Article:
OPEC is already operating at close to peak production in this cycle. The shale industry is in disarray, and United States production has already had a substantial decline from a peak of 9.6 million bopd to 9.0 bopd, and still declining. With over $200 billion in planned capital expenditure cuts in names across the board, and the CADR effect (more on this in a moment) gaining enormous momentum, along with excess capacity being marginal at best, the world is asleep at the wheel.
FMT Advisory spends more time on research than almost any other firm on earth. And we want you to pay attention to something very important. Anytime you find anyone, anywhere in the world discussing oil’s supply and demand metrics, pay attention to whether or not they discuss one of the most important data points on oil production: the “decline rate,” or the “CADR,” meaning the “Compound Average Decline Rate.” No. This metric isn’t about “peak oil.” It’s about the natural decline rate of a well once it is producing and ultimately how much net-newwell production will be needed to replace the CADR effect. The effects of CADR are almost entirely missing in nearly every single discussion on oil nearly everywhere on earth – and discussions are replaced with infantile opinions.
CADR, or the Compound Average Decline Rate, is calculated by OPEC, EIA, and the IEA, among other industry stalwarts such as ExxonMobil. What is important to note is that the $200 + billion in planned capital expenditure cuts are speeding up the erosion in ongoing oil supplies, along with the natural decline rate of CADR, because projects get canceled, put on hold, and oil wells get shut in.
According to the base case of OPEC, EIA, and the IEA, the CADR decline rate of roughly 5.8% equates to a necessary 5.8 million bopd in brand new oil production from new sources in 2016 just to replace the existing decline rates. This doesn’t factor in the $200 + billion in cap-ex cuts planned industry-wide over 2016-2017. This represents another 4.75 to 5.5m bopd that isn’t going to happen. This is 10 to 11m bopd in the next year that isn’t going to happen in a market with excess supply production down to less than a 1.5m bopd. Houston, if oil doesn’t start heading higher over the next year, we have a problem (and an opportunity for those paying attention!).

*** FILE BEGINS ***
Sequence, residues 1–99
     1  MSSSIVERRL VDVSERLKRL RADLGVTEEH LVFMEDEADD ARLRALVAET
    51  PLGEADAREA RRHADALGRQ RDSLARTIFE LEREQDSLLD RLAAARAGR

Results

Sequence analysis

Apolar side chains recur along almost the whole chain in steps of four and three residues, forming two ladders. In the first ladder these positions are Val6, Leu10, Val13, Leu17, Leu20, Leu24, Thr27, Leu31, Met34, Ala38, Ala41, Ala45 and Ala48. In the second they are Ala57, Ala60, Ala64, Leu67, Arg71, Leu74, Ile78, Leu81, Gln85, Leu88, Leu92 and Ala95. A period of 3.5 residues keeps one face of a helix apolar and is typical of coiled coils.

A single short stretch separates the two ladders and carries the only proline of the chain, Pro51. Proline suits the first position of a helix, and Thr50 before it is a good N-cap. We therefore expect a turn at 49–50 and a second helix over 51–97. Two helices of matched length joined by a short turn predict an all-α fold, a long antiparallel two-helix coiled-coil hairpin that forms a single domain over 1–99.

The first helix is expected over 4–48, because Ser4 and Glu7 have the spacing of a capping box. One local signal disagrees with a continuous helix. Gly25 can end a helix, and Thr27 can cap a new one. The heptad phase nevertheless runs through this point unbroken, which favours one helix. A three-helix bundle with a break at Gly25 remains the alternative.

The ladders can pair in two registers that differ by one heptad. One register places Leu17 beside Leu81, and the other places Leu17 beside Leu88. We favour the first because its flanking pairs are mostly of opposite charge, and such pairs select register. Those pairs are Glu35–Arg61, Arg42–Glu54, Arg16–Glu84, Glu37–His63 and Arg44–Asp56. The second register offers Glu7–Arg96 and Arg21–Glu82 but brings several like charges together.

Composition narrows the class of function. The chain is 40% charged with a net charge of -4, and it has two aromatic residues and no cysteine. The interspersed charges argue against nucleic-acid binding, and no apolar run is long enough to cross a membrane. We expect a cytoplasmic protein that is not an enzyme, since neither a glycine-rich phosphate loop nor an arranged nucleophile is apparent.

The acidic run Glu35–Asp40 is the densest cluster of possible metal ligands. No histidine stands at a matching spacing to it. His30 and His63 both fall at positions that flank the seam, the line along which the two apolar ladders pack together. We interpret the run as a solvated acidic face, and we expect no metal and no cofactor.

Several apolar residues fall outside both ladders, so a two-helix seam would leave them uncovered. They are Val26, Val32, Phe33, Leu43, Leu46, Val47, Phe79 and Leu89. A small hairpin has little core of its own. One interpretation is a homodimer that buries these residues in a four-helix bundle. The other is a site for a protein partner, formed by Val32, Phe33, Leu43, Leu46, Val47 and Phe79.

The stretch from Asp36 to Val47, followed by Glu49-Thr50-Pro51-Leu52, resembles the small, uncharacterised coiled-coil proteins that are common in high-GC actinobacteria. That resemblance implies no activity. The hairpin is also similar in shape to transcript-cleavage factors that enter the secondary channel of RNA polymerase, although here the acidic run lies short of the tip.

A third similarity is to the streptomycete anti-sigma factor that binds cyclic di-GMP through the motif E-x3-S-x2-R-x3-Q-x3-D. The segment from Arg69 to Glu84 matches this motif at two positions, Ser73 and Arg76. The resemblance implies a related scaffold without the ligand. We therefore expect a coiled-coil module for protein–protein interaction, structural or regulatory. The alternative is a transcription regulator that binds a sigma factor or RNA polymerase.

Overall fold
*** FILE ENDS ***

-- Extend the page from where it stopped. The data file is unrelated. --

To demystify all this, the question is really “what is the change in production that is needed to meet the expected change in demand in 2016?” Okay, so here’s the equation:
(95.0M bopd x 5.8% CADR) + (.06M bopd in non-OPEC) + change in call on OPEC = 1.25 million.
(-5.5M) + (.06M) = change in call on OPEC = 1.25m / change in call on OPEC 7.25 M
This means, ladies and gentleman, even if ALL spare capacity were used to cover the shortfall of demand over supply over the next year, given the CADR effect and industry-wide capital expenditure cuts, we are going to run into an oil supply problem! Of course, that is, unless oil starts to head higher over the next year or so!
No wonder the Fed believes that oil prices on low inflation are only “transitory.” In this light, the Fed might have been afraid to death of having to raise rates in a rapid-fire blitz to try to contain what may end up being significant price inflation, thanks to oil, over the next year.
FMT Advisory recommends scaling in for now in the energy complex. However, time will be of the essence, in our view, within the next six months to get more committed. For accounts under 200k, waiting is just fine. We believe that real assets today have become cheap, and nothing is more real than oil – which greases the world’s economies.
It is getting to the point and time that the price of oil will be life or death for the Fed, and governments around the world. Tick, tock.
Chief Investment Officer